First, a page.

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< Playground Maintenance | Problems 2007 | Rink house header trench repair >

Description: Parks Supervisor indicates that fire ash is a prohibited substance and cannot be picked up by City; it turns out that it could be picked up by Green Bin program, but that is not yet implemented at the park.
Status: Open
Categories: Waste, Enforcement

started May 15, 2007

Illegal wood oven and campfire ash disposal

From Recreation staff Mayssan Shuja to Parks supervisor Peter Leiss, May 14 2007

It would be great if we could get a pick up of ash next to the ash pit in front of the big oven. There is quite a lot and more to come, so the sooner the better. Ash was placed in many recycling boxes for easy pick up.

From Parks supervisor Peter Leiss to Recreation staff Mayssan Shuja, cc to others including Jutta Mason May 14 2007

Parks can longer pickup the ashes from the Wood Burning ovens as this is a prohibited substance for disposal.(Please see the attached Document - law0746.pdf)

I would suggest that you look for alternatives to disposal. The ashes could be used in the gardens in the Park. (Please see the attached (UsesForFireplaceAshes.pdf))

From Jutta Mason to Parks supervsior Peter Leiss, cc'd to others including the park list, May 14 2007

Re: no more ash pickup from Dufferin Grove bake ovens, City says wood ash is a PROHIBITED SUBSTANCE

Peter, what you've uncovered here about wood ashes being a prohibited substance is quite a revelation -- just the tip of the iceberg, as I see from reading the attached bylaw. Park trash mixed with pop cans and paper is also prohibited, even dusty trash! When I consider that this by-law is from 2004 and the City only just began offering recycling in parks in 2006, the number of times that Parks Maintenance must have had to break the City's own bylaw, just by hauling the park litter bags to the dump, must have been very alarming for your staff! And it still goes on. I can can imagine that you must be alarmed by this by-law too, since you as the supervisor are ultimately responsible for all these violations.

I am cc'ing this to our neighbourhood list and a few media people, with the idea that the more people who consider the problem of illegal trash in parks, the more good solutions we may collectively come up with.

Just to clarify: other prohibited substances in the municipal by-law you attached here are

- pieces of wood, greater than 4 feet long (e.g. all those pieces of wrecked picnic tables, rotted-out bench slats etc., in most parks including Dufferin Grove, can't be dumped) -- City of Toronto By-law No. 746-2004 Section (P)

- trash mixed with dog feces (in every garbage bag in the park) -- Section Q)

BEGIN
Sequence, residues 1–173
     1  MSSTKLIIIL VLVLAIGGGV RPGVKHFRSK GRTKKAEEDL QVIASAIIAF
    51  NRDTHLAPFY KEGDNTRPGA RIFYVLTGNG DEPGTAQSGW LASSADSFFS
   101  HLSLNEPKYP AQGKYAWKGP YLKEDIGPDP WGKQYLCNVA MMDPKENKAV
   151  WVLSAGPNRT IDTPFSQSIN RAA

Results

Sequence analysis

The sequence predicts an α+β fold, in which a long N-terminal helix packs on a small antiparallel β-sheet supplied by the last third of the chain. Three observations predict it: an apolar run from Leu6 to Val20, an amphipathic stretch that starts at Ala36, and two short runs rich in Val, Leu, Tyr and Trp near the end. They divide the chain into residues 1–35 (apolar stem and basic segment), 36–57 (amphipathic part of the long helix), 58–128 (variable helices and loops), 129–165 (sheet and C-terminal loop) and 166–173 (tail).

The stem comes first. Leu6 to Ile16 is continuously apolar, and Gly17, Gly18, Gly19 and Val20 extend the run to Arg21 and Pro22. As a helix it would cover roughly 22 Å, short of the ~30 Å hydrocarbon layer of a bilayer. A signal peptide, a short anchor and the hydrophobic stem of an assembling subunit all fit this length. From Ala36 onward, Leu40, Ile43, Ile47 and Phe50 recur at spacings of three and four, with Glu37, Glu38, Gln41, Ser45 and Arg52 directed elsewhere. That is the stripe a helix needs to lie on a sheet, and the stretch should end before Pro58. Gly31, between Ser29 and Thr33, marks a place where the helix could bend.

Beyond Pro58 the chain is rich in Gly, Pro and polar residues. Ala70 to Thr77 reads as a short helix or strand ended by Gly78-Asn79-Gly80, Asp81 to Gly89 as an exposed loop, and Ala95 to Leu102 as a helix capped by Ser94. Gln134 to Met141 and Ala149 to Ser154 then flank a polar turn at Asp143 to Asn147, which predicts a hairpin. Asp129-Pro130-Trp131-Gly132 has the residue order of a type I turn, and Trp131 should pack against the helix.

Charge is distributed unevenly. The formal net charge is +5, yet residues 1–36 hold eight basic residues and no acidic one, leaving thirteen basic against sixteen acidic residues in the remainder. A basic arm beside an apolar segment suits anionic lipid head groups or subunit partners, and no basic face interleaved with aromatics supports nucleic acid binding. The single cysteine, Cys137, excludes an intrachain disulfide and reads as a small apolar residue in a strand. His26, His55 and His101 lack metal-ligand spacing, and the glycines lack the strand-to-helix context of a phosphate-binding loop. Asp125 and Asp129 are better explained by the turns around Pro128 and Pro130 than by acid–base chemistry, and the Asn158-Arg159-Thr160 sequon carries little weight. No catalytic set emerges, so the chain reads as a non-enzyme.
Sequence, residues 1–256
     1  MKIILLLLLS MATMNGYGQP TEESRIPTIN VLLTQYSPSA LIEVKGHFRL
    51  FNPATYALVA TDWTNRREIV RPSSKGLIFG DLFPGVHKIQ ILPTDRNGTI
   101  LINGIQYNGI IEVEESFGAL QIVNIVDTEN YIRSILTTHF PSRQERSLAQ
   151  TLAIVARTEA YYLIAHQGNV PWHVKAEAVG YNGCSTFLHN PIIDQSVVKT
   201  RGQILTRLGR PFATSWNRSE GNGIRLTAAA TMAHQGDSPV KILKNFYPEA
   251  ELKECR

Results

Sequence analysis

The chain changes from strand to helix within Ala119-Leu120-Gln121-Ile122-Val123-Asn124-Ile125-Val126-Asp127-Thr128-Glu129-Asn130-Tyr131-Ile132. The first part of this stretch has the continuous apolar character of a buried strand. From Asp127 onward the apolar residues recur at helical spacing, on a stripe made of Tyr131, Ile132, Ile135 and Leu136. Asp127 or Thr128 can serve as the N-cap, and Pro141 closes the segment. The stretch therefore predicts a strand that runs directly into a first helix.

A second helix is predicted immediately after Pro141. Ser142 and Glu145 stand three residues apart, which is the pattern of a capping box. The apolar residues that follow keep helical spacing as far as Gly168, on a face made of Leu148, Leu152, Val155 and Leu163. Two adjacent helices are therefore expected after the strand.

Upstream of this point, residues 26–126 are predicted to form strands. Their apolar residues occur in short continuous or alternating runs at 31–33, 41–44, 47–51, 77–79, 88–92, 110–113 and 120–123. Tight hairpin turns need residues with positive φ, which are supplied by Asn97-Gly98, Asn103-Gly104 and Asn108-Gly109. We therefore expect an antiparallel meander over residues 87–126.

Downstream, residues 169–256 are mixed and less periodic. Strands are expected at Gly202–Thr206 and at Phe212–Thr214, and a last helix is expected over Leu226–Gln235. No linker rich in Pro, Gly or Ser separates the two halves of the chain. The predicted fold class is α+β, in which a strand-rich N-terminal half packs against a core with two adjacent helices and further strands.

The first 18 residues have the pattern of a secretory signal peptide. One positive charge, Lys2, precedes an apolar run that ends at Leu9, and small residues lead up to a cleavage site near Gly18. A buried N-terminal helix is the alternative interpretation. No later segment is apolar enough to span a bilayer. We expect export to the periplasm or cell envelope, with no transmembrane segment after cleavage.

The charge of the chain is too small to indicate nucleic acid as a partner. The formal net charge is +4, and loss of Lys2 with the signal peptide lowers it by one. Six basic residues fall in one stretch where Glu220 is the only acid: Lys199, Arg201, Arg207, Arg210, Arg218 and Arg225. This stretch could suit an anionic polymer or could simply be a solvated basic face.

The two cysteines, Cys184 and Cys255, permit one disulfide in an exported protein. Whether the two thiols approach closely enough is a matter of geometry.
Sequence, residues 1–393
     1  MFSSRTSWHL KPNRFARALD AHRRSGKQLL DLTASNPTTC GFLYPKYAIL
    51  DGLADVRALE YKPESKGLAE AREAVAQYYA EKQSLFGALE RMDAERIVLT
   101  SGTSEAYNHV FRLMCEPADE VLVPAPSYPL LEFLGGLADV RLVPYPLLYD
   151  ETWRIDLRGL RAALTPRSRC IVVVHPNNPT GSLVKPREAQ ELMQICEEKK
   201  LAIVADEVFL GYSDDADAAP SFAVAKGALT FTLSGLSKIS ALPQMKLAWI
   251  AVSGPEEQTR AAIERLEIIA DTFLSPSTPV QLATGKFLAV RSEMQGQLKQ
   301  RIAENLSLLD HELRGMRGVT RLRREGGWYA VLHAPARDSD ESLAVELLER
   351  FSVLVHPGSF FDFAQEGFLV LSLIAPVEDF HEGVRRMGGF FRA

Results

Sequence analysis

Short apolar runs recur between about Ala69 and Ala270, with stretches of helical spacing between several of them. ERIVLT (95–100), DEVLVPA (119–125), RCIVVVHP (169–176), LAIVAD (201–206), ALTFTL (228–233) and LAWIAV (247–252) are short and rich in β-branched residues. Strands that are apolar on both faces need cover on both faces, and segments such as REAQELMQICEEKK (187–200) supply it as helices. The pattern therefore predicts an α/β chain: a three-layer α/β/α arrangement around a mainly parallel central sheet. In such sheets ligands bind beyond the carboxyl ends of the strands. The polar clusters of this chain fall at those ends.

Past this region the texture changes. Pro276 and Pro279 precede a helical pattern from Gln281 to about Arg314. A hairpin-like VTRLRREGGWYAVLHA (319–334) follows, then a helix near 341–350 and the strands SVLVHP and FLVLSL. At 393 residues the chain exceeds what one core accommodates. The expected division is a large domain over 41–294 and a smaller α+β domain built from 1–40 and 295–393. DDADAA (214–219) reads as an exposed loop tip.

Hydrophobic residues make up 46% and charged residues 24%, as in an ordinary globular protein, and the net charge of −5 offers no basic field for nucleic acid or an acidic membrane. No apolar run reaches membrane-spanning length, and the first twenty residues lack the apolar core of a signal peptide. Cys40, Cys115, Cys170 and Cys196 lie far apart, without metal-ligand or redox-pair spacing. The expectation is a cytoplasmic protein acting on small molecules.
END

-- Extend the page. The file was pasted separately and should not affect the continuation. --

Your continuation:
- trash mixed with recyclables (every garbage bag in the park) -- Section (T)

-- Incinerator ash, red ash and "any other type of ash" -- Section (X) -- campfires and wood oven ashes (from tree branches) are lumped with trash burned in incinerators

-- Dusty materials -- Section (Y)

Focusing only on ash for a moment -- you have attached some material suggesting alternative uses for wood ash. We could "use the ash as fertilizer" in the park gardens (but your material mentions it will kill the plants in any large amounts). Or it can be "used as an inspect repellent or to make soap, or to wash woodstove windows or to improve traction on slippery sidewalks."

Possible specific applications at the park:

1. Mix the ash in with the other mixed park trash -- the existing mixed bags are already prohibited, so it should make no difference -- additional benefit is it may absorb some of the dog poo smell in the trash bags

2. Scatter the ashes all over the park to fertilize the grass -- the only problem is that the wood-oven ash is often mixed with nails so that might be tricky for the park lawnmowers

3. save the ashes for winter and use them on slippery sidewalks all around the park -- that would be less toxic than the large amounts of salt currently used by Parks Maintenance -- not as attractive, though, if the sidewalks look gray-ish and people track ashes into their houses.

Neighbours -- do you have any other ideas, now that Parks supervisor Peter Leiss says his park maintenance staff won't pick up ashes anymore?

Peter, of all the many regulations you have proposed over the last four months, to stop people from cooking food with fire in parks, this by-law seems the most far-ranging. If you want to comply with the whole by-law, though, you'll need to figure out how your staff can separate all the rest of the prohibited trash before they take it to the dump. Tricky -- and expensive -- at a moment when the parks and rec general manager is calling for 10% internal spending cuts. Maybe there's another solution for the park's wood ash? People already separate it out, so that's one less step. Where does the City takes its own incinerator ash?